Although they did take immediate actions to correct the situation they did it behind closed doors. They did not take the time to say: “we are aware of the situation. We are looking into it”

How do you turn a PR nightmare into positive press?

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A crisis can strike any company anytime, anywhere. And it can happen to you too.

But what can you do to avoid the reputational crisis?

We saw the perfect example of this when KFC went through an unusual crisis in the U.K. The fast-food giant, well-known for its fried chicken ran out of chicken. This shortage has forced hundreds of restaurants to close.

KFC has apologized using a creative stunt. It has published a funny reordering of the brand name’s lettering to spell out “FCK.”.

At the bottom of this advert, they said:

‘A chicken restaurant without any chicken. It’s not ideal.’

This was a great PR approach. The ad went social very quickly. Although the problems were caused by DHL, the delivery company, they have not blamed the supplier for the issues. Instead, they chose to take the high route and apologized to their customers.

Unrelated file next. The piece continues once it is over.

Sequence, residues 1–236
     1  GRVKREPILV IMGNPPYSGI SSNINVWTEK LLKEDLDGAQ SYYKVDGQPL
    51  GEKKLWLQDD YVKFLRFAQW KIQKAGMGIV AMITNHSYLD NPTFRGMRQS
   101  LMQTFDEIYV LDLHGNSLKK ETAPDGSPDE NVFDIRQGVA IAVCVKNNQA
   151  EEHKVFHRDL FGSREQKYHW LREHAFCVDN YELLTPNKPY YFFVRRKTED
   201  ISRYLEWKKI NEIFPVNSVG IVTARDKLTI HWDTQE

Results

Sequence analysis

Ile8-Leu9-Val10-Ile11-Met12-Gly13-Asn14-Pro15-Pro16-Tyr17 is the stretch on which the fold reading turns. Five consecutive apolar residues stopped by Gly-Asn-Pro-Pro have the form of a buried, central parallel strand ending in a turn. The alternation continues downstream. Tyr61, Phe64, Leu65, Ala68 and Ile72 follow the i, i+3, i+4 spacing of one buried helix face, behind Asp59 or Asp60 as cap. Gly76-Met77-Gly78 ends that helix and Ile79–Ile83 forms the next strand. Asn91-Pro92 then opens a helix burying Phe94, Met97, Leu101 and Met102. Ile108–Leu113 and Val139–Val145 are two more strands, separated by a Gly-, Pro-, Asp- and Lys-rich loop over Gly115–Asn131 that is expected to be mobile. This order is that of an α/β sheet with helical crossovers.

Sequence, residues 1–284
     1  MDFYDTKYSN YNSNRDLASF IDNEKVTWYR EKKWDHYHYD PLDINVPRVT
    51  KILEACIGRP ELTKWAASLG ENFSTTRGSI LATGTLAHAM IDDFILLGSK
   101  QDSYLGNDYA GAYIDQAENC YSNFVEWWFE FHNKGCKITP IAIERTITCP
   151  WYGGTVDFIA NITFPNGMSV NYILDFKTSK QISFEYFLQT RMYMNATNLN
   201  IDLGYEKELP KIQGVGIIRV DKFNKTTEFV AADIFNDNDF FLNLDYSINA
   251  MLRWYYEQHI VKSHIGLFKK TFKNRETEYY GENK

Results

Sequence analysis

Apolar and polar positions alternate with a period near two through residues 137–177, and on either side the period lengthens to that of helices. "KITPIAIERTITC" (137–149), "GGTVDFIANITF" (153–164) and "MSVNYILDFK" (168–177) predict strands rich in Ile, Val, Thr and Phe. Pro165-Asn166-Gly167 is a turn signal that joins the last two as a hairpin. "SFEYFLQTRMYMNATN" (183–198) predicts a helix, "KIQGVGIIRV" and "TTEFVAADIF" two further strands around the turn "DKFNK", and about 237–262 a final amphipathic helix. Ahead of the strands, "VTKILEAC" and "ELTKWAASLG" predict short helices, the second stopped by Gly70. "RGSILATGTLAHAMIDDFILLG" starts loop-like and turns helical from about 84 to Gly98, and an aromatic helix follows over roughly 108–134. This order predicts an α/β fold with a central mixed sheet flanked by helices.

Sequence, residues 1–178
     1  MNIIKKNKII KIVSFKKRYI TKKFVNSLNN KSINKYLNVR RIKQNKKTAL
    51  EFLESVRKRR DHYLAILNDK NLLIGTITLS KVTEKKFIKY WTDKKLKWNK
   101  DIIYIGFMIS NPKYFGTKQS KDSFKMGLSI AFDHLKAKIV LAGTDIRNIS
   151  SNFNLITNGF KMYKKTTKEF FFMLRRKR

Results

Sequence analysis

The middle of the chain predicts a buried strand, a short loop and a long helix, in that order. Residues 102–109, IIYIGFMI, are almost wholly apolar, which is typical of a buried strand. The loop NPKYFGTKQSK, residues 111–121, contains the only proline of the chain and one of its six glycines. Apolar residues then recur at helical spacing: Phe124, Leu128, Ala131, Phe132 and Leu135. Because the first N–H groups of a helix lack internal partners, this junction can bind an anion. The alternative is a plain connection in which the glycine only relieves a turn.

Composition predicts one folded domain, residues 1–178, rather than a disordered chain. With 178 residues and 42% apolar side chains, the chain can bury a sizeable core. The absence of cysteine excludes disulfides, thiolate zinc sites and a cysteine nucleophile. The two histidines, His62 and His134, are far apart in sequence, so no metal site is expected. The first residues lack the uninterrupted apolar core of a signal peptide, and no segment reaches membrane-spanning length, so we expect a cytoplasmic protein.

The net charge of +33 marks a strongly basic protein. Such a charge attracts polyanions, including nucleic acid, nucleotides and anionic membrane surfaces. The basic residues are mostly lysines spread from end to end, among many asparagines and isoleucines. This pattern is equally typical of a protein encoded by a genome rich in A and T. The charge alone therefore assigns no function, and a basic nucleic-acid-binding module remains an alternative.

The fact that KFC ran out of chicken is actually quite funny. While over time we will probably forget all about it, we won’t forget how they made the best out of a bad situation.

This is the perfect example of crisis management – and how to turn a negative situation into positive PR.

Can this crisis management system work for your company too? Probably not. Each company needs to put its own crisis management into place. But there are a few things we can learn from this crisis management.

Don’t panic! It isn’t the situation that will make or break your company. It is the way you respond to it. 

Take responsibility!

KFC did not try to cover things up. They were honest with their customers and it has paid off.

Apologize!

If your business did mess up, be humble enough to apologize.

Try to resolve the problem. It is your responsibility to own up and resolve the issue. Customers often post negative reviews of businesses that are trying to evade blame.

I always include the above steps in my client’s crisis plans. Even though they don’t cover everything, these should give you something to reflect on.